Your Game Will Suck & That’s Okay

A friend with impostor syndrome and a rather successful Kickstarter asked me a question a few weeks ago:

What if my game sucks?

I didn’t give them a soft bunny answer:

It will.

To unpack that in its various dimensions:

Your game will suck to you. It’ll suck to you in ways where you feel you need to compromise to get it done. It’ll suck to you as time goes on and you learn more, both about this game and about design/production over all.

Your game won’t meet every fan’s expectation. It’ll suck to them, for whatever reason. Maybe you reject their criticism initially, that’s fair to at least do in your head. And when you’re in a space of calm reflection, you might come away with new understanding—often something different than the core criticism itself.

Your game might even get critically panned. If that happens, well… the game is out in the world and you can’t change it now. You can decide to learn from the experience, and you get to choose to be gracious or an asshole in each moment you come into contact with that criticism.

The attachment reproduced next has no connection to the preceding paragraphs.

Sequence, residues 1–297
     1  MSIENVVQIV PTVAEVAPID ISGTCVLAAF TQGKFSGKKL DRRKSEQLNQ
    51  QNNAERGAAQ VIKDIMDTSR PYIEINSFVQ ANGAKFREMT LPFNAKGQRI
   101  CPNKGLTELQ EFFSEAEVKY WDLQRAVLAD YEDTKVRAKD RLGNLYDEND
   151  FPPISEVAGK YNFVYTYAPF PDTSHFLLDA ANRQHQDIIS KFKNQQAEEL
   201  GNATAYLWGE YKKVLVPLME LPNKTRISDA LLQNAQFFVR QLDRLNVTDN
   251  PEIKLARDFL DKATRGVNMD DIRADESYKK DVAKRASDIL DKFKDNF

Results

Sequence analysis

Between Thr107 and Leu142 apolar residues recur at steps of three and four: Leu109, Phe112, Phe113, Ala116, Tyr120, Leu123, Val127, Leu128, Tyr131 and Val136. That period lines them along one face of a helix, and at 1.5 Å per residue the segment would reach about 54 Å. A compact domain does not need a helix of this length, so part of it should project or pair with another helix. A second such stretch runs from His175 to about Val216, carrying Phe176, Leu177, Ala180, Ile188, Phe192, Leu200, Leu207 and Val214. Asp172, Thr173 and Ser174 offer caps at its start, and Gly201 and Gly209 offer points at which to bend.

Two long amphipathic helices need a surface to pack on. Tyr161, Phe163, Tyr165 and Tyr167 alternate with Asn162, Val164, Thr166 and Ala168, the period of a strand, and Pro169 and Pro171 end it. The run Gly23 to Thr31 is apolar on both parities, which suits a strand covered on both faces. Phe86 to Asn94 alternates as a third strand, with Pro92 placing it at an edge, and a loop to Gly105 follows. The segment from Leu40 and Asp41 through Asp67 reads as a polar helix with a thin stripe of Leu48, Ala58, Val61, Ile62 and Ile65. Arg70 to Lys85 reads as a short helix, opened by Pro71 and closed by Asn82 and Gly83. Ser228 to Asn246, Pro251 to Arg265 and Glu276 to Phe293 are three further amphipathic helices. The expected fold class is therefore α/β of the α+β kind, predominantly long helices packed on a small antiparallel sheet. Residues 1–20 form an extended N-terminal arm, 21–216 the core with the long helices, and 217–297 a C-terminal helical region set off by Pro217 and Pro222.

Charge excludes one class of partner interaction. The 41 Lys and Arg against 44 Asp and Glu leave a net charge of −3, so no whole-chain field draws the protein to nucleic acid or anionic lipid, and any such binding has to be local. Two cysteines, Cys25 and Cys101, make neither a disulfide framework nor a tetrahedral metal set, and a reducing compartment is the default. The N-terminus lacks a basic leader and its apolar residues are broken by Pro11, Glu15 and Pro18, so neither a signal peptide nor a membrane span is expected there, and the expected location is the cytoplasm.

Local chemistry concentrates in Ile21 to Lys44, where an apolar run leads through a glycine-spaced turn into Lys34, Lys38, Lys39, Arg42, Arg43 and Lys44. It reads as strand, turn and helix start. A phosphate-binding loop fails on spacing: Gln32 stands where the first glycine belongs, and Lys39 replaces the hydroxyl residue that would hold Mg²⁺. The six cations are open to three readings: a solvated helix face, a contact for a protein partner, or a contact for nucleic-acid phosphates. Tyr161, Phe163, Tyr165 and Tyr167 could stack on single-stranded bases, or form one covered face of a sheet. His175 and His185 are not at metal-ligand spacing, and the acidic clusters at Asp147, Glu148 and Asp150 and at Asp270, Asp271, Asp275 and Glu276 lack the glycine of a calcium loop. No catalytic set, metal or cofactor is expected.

I’ve been both gracious and assholish about criticism (and I consider “silent” to be a form of gracious). I regret most of the times I’ve been an asshole—I realize now I was frequently being unreasonable in my youthful defensiveness. I mention that so some of you can learn from my missteps: if you’re to be remembered for how you respond to criticism, what would you rather be remembered for?

And unless you are a really shitty person, having a bad game won’t kill your chances at selling another game. It won’t kill your chances of working on games with other people. People in such positions understand that games tank, and when you show you learn from your missteps you earn respect. And fans who remember you may give you another chance; plenty of people will also not remember your old crap games.

(Hell, they sometimes don’t remember your old good games either.)

To reiterate:

Your game will suck, in some way. I promise you it’ll be okay.

Try your best. Surround yourself with people who understand your vision and will tell you plainly what you need to hear to make the work better. And accept you can’t please everyone, including yourself.